Six Days

Erin Britt essays

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A feat: an act or achievement that shows courage, strength or skill. Skimming the surface of my life I’d think this does not apply to me, far from it! I’ve had a normal, ordinary and great life so far but not necessarily full of awards and accolades. So what have I done worth noting, I ask myself? Well…I’ve experienced loss, had the courage and strength to face it, and did not fall victim to it.

It’s so easy to place labels, to be labeled yourself, and then settle into that role. That’s what I did not want. I did not want to be looked at, talked about in whispers, be pitied, or have my loss define who I am to others.

I am the mother of four beautiful children, three that I am lucky enough to hug on a daily basis and one that watches over us from above, our forever angel Cora.

I do not want to be known as the mom who buried her child. I’d rather just be known as Gavin, Nina, Cora, and Louie’s mom.

On a chilly Tuesday morning in January my husband and I went in to have our third baby. I quickly realized our lives would never be the same, or at least not in the way I had anticipated. Cora was whisked away just as quickly as that emergency c-section occurred. She was unresponsive, “floppy” they said, however her body, all 6 pounds and 1 ounce of her, was still working—heart beating, lungs taking in air, all with the help of machines but still some on her own. I met her briefly, not the precious skin to skin time I had fantasized about and experienced with my others but more a, “could barely reach over from my hospital bed to her incubator”, before she was transported to another hospital in the city in the hopes that some experimental treatments and tests would give answers as to why, how, how bad. Those tests came back and whatever miniscule amount of hope I did have was shattered. I knew saying goodbye was in our future.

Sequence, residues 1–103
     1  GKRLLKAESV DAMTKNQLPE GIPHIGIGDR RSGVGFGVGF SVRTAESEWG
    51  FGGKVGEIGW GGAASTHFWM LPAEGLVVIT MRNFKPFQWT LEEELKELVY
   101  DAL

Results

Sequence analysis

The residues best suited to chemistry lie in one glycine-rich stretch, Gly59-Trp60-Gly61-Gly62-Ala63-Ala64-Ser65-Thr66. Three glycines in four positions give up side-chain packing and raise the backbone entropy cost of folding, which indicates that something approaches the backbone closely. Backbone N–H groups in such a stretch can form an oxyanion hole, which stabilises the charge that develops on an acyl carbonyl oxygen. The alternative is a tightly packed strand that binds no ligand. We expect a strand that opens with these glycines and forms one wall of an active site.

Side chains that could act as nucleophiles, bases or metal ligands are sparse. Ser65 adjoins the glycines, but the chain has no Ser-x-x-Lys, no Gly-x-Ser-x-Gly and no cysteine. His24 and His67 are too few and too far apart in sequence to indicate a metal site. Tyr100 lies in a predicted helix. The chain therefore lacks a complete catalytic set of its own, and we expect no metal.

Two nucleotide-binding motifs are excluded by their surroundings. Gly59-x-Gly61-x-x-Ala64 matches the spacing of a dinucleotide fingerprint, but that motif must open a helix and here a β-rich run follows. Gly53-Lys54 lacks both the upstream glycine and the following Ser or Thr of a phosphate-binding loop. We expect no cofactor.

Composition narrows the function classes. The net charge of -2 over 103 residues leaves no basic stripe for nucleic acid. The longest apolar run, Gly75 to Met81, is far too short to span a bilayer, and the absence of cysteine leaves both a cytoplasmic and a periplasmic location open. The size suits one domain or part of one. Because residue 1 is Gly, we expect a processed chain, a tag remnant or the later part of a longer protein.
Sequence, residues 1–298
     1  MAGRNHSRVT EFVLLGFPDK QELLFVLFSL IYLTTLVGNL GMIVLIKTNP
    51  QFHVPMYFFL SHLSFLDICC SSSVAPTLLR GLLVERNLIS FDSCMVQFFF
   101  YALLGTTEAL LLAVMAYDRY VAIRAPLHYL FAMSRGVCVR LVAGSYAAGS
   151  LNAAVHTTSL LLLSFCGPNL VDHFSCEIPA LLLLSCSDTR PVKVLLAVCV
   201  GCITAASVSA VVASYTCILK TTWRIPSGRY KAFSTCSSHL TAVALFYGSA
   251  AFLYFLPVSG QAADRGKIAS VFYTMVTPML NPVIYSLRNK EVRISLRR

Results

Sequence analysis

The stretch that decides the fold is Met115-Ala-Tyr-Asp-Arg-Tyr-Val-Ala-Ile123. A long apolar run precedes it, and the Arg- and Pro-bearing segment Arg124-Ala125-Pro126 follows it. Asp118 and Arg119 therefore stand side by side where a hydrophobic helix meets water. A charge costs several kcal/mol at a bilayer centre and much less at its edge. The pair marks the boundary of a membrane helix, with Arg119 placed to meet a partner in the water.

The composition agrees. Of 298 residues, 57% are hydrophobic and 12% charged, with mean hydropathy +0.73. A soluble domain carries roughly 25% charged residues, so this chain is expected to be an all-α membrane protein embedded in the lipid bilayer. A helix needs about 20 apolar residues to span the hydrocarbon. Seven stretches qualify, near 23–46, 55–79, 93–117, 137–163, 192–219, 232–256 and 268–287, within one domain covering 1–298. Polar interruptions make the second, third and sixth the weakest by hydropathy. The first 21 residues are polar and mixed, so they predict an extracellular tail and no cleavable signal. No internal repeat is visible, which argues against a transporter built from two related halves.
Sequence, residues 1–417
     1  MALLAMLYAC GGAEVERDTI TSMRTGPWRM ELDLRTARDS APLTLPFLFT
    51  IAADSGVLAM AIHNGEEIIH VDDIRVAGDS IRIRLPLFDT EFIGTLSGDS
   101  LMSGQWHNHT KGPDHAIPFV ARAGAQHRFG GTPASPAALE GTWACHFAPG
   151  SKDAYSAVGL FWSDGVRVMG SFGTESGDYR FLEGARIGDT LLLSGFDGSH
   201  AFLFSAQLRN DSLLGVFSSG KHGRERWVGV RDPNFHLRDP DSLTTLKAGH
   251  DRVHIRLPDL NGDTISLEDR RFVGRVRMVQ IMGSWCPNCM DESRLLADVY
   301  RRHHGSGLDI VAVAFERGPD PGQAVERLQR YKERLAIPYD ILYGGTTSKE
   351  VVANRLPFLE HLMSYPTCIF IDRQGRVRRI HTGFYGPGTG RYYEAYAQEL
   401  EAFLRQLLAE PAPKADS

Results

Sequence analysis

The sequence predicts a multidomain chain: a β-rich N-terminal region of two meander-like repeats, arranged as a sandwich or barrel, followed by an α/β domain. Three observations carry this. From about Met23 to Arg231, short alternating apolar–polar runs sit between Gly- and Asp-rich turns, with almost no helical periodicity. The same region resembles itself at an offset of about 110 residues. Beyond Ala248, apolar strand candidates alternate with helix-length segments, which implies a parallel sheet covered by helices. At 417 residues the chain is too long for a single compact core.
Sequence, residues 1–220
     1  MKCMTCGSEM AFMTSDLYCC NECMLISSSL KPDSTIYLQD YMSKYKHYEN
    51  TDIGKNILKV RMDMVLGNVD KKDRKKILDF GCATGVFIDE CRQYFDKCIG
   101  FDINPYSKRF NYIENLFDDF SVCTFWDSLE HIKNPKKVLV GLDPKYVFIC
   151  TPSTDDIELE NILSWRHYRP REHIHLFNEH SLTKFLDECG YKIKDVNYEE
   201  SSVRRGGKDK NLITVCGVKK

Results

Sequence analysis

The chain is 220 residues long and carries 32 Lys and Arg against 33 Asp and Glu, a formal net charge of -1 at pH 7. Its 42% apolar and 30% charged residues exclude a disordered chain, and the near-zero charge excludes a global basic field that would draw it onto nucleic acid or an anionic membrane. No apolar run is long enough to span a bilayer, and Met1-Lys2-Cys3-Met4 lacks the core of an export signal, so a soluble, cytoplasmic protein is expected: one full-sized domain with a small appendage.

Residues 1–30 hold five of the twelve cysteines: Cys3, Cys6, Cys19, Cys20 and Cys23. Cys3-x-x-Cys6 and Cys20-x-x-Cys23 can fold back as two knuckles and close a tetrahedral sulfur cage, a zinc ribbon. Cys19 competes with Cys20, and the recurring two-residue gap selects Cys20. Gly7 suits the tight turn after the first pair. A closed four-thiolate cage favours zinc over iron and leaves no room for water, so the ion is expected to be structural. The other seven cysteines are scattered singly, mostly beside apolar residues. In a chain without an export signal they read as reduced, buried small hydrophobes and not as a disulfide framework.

I had six beautiful days with her. I would never get to see her eyes open, hear her cry, her laugh, clean her boo boo’s, or take her home. But I got to change her diapers, take her temperature, give her bathes, comb her gorgeous hair, hold her hands, dress her and rock her. Nothing was private, all in the open NICU, but it was like it was just she and I. I knew these would be the only moments I’d have with her, and I treasured them all. I was with her as she entered the world and I was with her as she left it.

These are the moments that define me as a mother, not the fact that I buried the child that I had those moments with. Nothing was easy, it’s all still a work in progress. There was a lot of crying and all the stages of grief occurred. I have a lovely case of anxiety from it all. I speak of her daily and encourage her siblings to as well, which makes for some interesting questions from their classmates and parents.

In speaking of her, and her short yet impactful life, I continue to heal and hope that others going through similar experiences have found comfort and healing in finding that they are not alone, seeing hope in “after the goodbye”. Cora gave me the strength, and continues to give me the courage to move forward, to laugh again, and reminding myself I’m allowed to be happy. Choosing to live each day like it’s the last, brushing off the little stuff, and embracing love and life’s beauty. I am the luckiest person because of her. And just as my children here on Earth will leave me and move out, go off to college, grow up and get married down the road…she never leaves me, she is always in my heart…


About the Author

Erin Britt

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